The Elovitz case settled on the eve of trial, so the court did not have an opportunity to actually determine the issue. But even if the names and logos of police departments such as the NYPD are entitled to trademark protection, you still should be able to use them in your movie. For a detailed analysis of this area of law, you can read my colleague Amber’s article here. This is a somewhat unsettled area of the law, but the trend is clearly to allow moviemakers to use trademarks on film. As law professor Pratheepan Gulasekaram recently put it in this article:
Even without permission, those engaged in noncommercial expression, such as filmmakers, are at liberty to reference, disparage, ridicule, or otherwise use a trademark or trademarked product in their expressive work without undue fear of trademark liability… The use of trademarks to convey expressive ideas is entitled to robust First Amendment protection that may only be trumped in clear instances when the use significantly impairs the source-identifying function of the mark—i.e., only when the likelihood of consumer confusion is high and market fraud is a genuine danger. As those instances are rare in expressive activity, artists and others are entitled to broad leeway in using, ridiculing, commenting on, or displaying any trade-marked products.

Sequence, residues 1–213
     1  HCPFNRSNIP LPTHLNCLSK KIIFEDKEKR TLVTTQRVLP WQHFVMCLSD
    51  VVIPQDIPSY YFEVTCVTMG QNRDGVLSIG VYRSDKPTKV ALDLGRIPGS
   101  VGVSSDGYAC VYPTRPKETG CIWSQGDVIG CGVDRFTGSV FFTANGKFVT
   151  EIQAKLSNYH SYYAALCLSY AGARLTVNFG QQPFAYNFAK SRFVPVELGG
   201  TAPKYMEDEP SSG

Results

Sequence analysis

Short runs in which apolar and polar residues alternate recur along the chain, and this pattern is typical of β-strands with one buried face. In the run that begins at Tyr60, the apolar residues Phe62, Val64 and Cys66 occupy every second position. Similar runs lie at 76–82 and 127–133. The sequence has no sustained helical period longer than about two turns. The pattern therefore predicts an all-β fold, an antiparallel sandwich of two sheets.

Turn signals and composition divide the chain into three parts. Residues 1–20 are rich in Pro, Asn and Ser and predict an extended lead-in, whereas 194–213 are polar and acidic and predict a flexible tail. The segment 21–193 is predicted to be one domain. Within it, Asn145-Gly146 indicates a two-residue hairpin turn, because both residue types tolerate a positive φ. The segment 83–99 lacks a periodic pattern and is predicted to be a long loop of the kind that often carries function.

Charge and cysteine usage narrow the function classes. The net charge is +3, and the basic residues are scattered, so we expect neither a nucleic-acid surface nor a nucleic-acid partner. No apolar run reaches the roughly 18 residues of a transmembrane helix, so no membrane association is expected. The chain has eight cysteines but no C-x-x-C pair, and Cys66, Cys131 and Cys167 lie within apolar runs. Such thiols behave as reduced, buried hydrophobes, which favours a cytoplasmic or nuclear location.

In other words, because no one is likely to confuse your movie with something produced or endorsed by the NYPD—and because there are significant First Amendment reasons why you should be allowed to make a movie featuring the NYPD—you should be protected. Indeed, it’s hard to imagine any other rule. Our police departments are some of our most important and enduring institutions, and a rule that prevented moviemakers from commenting on them through movies would be a significant impediment to free speech.
With that said, you should proceed with caution. Police departments have demonstrated a willingness to litigate these issues, and this area of the law is surprisingly unsettled. Moreover, if your film portrays extreme violence or explicit sex you will need to be especially careful. For instance, the Second Circuit Court of Appeals—which includes New York under its jurisdiction—held that the makers of the adult film Debbie Does Dallas were likely to violating the trademark of the Dallas Cowboys Cheerleaders when they put one of their actresses in a Dallas Cowboys Cheerleader uniform. MM
Image courtesy of Pixabay.
Randy Whattoff is an Associate at Kinsella Weitzman Iser Kump & Aldisert, a high-profile, L.A.-based entertainment litigation firm, and has experience litigating a broad range of complex business matters. He has recently handled cases involving professional athletes, complex real estate transactions, business fraud and other commercial disputes. Mr. Whattoff graduated cum laude from Cornell Law School in 2006. At Cornell he was an editor of the Cornell Law Review, the managing editor of Cornell Legal Information Institute and a teaching assistant. During law school Mr. Whattoff also externed with the Honorable Joel E. August in the Second Circuit Court of Hawaii. Mr. Whattoff received his undergraduate degree in Sociology from UC Berkeley in 2002. He minored in Computer Science.